If you think you or someone you know is experiencing a heart attack, call 9-1-1 immediately.


Our services are designed to confirm that you are having a heart attack and, if so, treat it immediately. Electrocardiography and echocardiography are very useful initial diagnostic tools.

  • Electrocardiography. Electrocardiography is a tool that tracks the electrical impulses of the heart. Electrodes are placed on your chest and are then attached to a computer console. At Stony Brook, we typically complete this test within five minutes of patient arrival; and
  • Echocardiography. Echocardiography is an imaging tool that uses sound waves to create a moving picture of the heart; it allows us to assess the strength and function of your heartbeat.

We offer the following services to treat heart attack:

  • Balloon angioplasty. During cardiac catheterization, we insert a balloon-tipped catheter into the blocked artery. We gently inflate it to compress the blockage against the wall of the artery to open it up;
  • Stent placement. We often insert a wire mesh tube called a stent after we perform balloon angioplasty. The stent helps keep the artery open in the future; and
  • Bypass surgery. In other cases, cardiac surgery may be the best treatment plan. We can re-route blood flow around a blockage, which increases healthy flow to the heart. Usually, a blood vessel from the leg or chest is used to bypass the blocked heart artery.

Our Team

Our team of dedicated nurses, cardiologists, and cardiac surgeons is known for high-quality care in a comfortable, compassionate environment. Always seeking excellence, we were the ones to create and implement the highly successful Code H protocol, which placed us as a leader in heart attack care in Long Island. We value strong relationships with our patients and their families, and encourage open communication between all parties. Our values include effectiveness, safety, and compassion, and we are able to meet our standards in a facility equipped with state-of-the-art resources.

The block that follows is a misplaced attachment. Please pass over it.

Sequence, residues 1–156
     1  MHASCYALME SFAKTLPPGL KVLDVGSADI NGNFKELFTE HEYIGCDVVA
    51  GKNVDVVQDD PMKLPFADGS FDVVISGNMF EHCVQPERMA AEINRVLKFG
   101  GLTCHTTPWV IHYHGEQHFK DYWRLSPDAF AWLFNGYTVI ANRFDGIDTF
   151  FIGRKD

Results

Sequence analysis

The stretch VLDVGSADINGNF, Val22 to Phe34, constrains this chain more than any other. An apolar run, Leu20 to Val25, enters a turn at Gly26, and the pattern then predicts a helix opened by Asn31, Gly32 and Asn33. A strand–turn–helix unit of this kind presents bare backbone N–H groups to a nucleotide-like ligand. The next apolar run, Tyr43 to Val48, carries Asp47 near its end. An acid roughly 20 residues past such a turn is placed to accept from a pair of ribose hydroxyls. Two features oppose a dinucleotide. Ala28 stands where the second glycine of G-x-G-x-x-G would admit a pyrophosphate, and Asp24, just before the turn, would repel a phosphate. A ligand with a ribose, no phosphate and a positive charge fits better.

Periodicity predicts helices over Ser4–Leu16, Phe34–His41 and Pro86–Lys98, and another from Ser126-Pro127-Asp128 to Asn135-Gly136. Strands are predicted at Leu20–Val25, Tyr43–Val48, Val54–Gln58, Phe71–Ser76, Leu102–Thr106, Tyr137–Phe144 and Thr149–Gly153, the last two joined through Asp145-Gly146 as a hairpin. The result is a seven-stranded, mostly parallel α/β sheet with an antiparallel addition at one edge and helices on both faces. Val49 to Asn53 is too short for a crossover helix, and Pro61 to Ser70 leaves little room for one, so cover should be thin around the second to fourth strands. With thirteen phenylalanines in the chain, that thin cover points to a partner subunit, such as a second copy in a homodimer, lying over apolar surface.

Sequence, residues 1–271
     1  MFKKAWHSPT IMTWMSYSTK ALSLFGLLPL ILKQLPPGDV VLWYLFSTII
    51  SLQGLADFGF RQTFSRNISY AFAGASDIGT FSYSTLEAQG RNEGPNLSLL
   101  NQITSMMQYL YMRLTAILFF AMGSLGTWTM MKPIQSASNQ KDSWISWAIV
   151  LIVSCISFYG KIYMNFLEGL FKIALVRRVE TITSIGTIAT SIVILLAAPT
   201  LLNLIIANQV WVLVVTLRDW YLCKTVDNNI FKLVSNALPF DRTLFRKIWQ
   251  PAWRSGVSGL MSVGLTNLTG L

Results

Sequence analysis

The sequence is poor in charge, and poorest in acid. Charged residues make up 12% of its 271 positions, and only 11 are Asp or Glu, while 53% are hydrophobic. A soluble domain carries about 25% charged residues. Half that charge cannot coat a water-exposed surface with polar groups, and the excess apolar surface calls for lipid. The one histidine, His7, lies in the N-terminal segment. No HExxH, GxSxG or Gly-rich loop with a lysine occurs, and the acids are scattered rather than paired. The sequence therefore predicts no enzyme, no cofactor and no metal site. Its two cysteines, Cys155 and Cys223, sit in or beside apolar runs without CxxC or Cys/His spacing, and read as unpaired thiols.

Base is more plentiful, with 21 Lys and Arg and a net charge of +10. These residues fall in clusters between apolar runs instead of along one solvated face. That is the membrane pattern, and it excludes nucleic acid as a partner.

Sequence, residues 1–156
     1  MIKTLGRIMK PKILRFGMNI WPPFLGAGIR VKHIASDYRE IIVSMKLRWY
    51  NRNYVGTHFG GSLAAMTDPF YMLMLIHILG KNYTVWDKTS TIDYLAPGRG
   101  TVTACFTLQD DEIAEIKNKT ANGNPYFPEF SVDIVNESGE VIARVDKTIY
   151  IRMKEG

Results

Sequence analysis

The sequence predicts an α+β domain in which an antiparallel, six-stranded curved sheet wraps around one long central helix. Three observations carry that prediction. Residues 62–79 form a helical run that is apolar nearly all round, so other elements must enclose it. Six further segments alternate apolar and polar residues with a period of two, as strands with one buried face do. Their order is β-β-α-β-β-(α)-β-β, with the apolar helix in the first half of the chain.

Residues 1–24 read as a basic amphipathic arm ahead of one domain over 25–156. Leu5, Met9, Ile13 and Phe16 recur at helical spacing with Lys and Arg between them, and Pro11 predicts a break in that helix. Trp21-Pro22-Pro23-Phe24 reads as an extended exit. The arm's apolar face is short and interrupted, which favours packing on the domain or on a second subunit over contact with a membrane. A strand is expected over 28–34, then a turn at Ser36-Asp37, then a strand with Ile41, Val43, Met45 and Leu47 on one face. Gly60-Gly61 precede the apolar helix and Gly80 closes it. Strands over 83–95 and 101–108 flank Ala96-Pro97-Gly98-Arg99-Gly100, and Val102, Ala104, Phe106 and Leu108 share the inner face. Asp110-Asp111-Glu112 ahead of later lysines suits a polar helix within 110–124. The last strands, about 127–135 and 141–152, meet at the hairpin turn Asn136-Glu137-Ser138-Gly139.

Our team includes:

  • Joseph Z. Chernilas, MD
  • William E. Lawson, MD, FACP, FACC, FSCAI
  • Anil Mani, MD, FACC

The Stony Brook Difference

Stony Brook Medicine is equipped with the state-of-the art tools and equipment necessary to treat all heart disease, heart attacks, and emergency situations. Our cardiothoracic surgeons perform the only heart surgery in Suffolk County and we are the region's only catheterization facility that has on-site cardiothoracic surgery. If you are having a heart attack, you will be taken directly to the catheterization laboratory for angioplasty to restore blood flow. A special elevator can transfer a patient directly from the lab to the operating room, if required. At an average of 71 minutes, our door-to-balloon time is nearly 20 minutes less than the 90-minute standard set by the American College of Cardiology and the American Heart Association. The Code H protocol that helped us achieve these results has now established us as the area's primary destination for emergency heart procedures.